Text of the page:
As one of the most famous women in the world, Kate Middleton undoubtedly gets recognised wherever she goes – but she has one easy trick to avoid it.
The Wales children are currently on their summer holidays from Lambrook School, before they return on 6 September. While enjoying this family time off, Kate likes to get out by herself for some me time, and has a trick so that she won’t be spotted.
According to royal expert Tina Brown, the Princess of Wales gets to enjoy some normality by heading out early in the morning, before 8am, so she can beat the public rush and not be seen.
The Princess, who studied History or Art at St. Andrews University, typically likes to head to art galleries and museums.
In her book, The Palace Papers, Tina Brown says that Kate’s solo trips “nourish her life” and so far she’s only been spotted once – at a David Hockney exhibition at the Royal Academy in London. Here, she is thought to have told the fan who spotted her, “I miss my history of art. It’s what I do to get my fix.”
While she lives a royal life, it’s no secret that Kate is a big fan of ‘normality’ and a Palace source has previously told PEOPLE that Kate offers her children “stabilising normality – and that’s how she grew up. William absolutely loves it.”
The source added that the couple “consciously set out to achieve a sense of normality.” While a friend claimed, “Royal families over the generations haven’t had the chance to get those foundations right, but they have.”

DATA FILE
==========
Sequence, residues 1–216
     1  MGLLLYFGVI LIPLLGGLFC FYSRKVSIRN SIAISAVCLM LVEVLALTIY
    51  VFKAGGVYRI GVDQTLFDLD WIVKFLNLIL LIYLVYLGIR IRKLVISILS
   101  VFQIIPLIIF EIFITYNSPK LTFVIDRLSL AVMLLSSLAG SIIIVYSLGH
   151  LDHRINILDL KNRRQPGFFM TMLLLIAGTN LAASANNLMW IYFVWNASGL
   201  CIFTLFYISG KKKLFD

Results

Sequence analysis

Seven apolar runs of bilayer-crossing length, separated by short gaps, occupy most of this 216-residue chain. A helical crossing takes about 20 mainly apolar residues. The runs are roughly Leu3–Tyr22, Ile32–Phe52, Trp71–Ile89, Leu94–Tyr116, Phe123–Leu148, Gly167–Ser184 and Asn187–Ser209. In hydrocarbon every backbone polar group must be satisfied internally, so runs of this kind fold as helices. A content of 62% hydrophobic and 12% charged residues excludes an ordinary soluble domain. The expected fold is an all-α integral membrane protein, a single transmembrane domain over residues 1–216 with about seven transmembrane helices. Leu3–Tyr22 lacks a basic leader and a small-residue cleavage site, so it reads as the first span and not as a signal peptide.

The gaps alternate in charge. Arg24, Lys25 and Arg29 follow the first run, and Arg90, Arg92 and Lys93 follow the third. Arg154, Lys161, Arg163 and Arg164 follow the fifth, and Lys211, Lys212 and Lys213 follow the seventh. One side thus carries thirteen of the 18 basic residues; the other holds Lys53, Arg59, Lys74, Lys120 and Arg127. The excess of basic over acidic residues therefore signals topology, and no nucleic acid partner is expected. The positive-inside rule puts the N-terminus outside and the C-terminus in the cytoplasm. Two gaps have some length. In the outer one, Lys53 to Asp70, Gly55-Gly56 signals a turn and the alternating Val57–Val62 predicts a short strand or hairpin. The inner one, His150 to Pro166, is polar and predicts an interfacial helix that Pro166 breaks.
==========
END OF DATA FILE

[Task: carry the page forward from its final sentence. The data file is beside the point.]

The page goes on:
The Wales family usually spend part of the summer holidays at Balmoral Castle in Scotland as per royal tradition. The late Queen spent her summers there and it’s where she spent her final days last year.
This year, as the family mark their first stay in Scotland without the late Queen, it has been reported that the Scotland stay may be a little more “relaxed” thanks to King Charles.
According to the BBC’s former royal correspondent Jennie Bond, the activities they used to do together will likely continue. Though she expressed her belief to OK! that things might be a little more “relaxed” than they used to be.
“Most of the usual activities will continue – hiking, picnics, shooting and fishing. But things will probably be a little more relaxed as the late Queen commanded such reverence, mixed with a certain amount of awe, even from her own family,” she declared.
Jennie said that there was a formal atmosphere, even on holiday, when the family were in the Queen’s presence. But in contrast, she seemed to suggest that King Charles might not command the same level of “reverence” or “awe” as Britain’s longest-reigning monarch once did.